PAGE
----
By Sara Reusche, CBCC-KA CPDT-KSA CVT
Q: Help! I have two very different dogs, and a big extended family coming to our house for the holidays. One dog is only 6 months old and wild. The other one is 8 and barks constantly whenever we have visitors. If they try to pet her, she barks louder and snips at them! How do I get both dogs to just calm down and behave?
A: Patti Anderson, CPDT-KA of Paws Abilities Dog Training (as well as an official Reading Education Assistance Dogs (R.E.A.D.) instructor and Pet Partners evaluator), says that you’re not alone in this issue.
“[The holidays] can be overstimulating for our dogs. When there is a change in their routine and lots of people gathered in what they consider their space, they may have some undesirable behaviors.”
Anderson recommends a multi-pronged approach to keep your pups at their best.
Exercise. First, “make it a priority that your dogs get lots of exercise that morning.” A tired dog is a good dog, and extra energy can contribute to crazy pups when your guests arrive. Whether you choose to get your pup’s ya-yas out at the dog park, play fetch until your arm gets tired, or go on a long run or hike, make sure that you take some time for a thorough workout session early in the day.
Management. Anderson also advises that you pre-empt the barking and general chaos with some stellar management. “Remember seeing a toddler out shopping with their parent at a store and throwing a temper tantrum? Once dogs [or tots] are that upset, there is no reasoning with them.”
Keep your dog from reaching meltdown mode by confining them away from the guests for the majority of the festivities. Anderson says that you can “secure them in a room or a crate where there isn’t so much stimulation. Give them something to do such as chewing on a good bone or a stuffed Kong toy (only if they are separately crated or in separate rooms for safety).”
Boarding. For dogs who can’t be confined, don’t rule out boarding. If you know that the stress of the day is too much for your pup, there’s nothing wrong with giving them a mini-vacation at your favorite pet sitter’s or boarding kennel for the day. [Author’s note: I’ve sent a previous dog of mine to A Dog Spot, a Lanesboro kennel, for just this reason. It took a huge weight off my shoulders knowing that she was safe and happy instead of stressed out by young houseguests.]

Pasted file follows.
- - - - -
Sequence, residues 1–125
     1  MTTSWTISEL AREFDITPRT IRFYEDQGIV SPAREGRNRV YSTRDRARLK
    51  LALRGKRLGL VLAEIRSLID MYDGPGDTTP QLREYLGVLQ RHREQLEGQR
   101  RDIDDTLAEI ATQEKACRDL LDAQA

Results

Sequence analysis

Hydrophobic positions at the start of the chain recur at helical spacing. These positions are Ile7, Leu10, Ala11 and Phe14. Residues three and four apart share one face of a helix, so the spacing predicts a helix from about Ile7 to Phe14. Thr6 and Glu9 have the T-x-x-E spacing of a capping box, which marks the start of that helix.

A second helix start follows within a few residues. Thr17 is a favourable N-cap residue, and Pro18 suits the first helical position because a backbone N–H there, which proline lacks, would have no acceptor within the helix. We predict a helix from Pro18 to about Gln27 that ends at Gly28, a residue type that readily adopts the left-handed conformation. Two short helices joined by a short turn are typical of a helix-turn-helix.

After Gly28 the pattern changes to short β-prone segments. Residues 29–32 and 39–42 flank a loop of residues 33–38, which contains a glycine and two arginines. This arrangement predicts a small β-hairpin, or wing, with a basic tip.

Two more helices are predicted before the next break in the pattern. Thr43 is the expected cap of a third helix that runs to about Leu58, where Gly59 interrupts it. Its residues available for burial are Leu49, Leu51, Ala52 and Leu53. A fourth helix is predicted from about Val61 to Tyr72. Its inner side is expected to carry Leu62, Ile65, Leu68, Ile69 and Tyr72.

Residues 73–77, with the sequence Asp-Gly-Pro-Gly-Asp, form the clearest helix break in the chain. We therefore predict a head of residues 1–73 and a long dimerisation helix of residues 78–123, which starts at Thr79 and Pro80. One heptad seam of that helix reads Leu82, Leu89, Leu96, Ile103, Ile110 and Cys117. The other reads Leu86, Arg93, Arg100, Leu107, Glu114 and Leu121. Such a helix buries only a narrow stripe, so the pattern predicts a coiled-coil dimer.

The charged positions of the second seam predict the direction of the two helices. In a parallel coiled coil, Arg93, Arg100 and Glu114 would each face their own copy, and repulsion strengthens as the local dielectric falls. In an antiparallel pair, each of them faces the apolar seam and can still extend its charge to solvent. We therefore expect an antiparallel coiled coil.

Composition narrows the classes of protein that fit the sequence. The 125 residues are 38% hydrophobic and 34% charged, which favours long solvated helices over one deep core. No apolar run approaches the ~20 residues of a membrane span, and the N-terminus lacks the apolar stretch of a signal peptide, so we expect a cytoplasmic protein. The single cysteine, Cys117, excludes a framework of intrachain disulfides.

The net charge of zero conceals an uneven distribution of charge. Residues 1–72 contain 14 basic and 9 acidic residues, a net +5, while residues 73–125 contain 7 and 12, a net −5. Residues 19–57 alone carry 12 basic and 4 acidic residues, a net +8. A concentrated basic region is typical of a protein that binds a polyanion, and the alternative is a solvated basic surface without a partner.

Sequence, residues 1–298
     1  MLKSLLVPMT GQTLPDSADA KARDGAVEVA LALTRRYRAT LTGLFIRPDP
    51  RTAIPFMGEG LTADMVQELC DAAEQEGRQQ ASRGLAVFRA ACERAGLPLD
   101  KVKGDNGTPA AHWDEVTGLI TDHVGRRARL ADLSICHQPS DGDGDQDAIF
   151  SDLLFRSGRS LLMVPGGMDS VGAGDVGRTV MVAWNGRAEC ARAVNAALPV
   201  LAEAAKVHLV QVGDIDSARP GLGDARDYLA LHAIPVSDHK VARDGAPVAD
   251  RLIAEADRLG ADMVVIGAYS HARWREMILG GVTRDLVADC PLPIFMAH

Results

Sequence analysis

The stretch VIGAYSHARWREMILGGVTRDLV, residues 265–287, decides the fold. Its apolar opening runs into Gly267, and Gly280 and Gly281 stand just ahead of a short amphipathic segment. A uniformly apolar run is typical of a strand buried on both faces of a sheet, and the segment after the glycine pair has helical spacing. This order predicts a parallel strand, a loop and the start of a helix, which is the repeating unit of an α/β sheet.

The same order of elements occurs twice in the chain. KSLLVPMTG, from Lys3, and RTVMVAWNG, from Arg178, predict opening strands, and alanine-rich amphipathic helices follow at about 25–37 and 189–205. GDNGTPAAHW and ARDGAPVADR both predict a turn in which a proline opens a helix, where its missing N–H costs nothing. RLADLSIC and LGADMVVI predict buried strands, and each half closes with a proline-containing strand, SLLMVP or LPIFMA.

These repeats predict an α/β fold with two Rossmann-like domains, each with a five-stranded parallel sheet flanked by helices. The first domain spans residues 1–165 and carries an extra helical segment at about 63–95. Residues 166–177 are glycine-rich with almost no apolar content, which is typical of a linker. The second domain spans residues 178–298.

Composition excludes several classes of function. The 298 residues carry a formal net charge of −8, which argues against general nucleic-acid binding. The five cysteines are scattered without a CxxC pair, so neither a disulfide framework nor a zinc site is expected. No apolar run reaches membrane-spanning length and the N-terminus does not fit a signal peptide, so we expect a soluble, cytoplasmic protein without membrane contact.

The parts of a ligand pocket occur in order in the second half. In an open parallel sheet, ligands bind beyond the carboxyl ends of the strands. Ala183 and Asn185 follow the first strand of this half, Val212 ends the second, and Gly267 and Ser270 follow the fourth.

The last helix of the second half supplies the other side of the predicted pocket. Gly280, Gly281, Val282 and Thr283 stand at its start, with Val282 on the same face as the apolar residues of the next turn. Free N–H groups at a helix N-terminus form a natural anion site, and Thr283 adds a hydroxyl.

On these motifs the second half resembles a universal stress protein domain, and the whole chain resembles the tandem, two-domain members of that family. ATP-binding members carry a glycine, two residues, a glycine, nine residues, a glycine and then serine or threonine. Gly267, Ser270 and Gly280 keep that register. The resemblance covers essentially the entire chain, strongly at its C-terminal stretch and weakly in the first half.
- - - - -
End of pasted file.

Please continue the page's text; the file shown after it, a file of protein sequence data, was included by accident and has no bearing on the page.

Training. Training can help with your younger pup’s manners and your older dog’s anxiety. Some training groups, including Paws Abilities, offer special holidays manners classes. Basic obedience or in-home private training will also offer some good tips.
Calming. Anderson also recommends a calming tool for dogs who are especially prone to excitement. “Thundershirts work well for quite a few dogs to help calm them.” While the tool doesn’t help all dogs, it has about a 75 percent success rate in our training practice, and comes with a money-back guarantee if it’s not a good fit for your specific pup.
Buy local at Rochester Pet & Country Store or Chuck & Don’s for an easy return in those few dogs who just don’t dig the tight wrap. Or, DIY with Anderson’s favorite life hack: “For a temporary do-it-yourself Thundershirt, a child’s t-shirt (from a thrift store) with the sleeves cut out that is snug but not so tight your dog can’t lie down, is a simple way to make your own.”
A little bit of empathy, and maybe a turkey-, mashed potatoes- or pumpkin-stuffed Kong toy can go a long way towards making the holiday happy for your pups. Happy holidays!
Sara Reusche, CBCC-KA CPDT-KSA CVT, is owner of Paws Abilities Dog Training.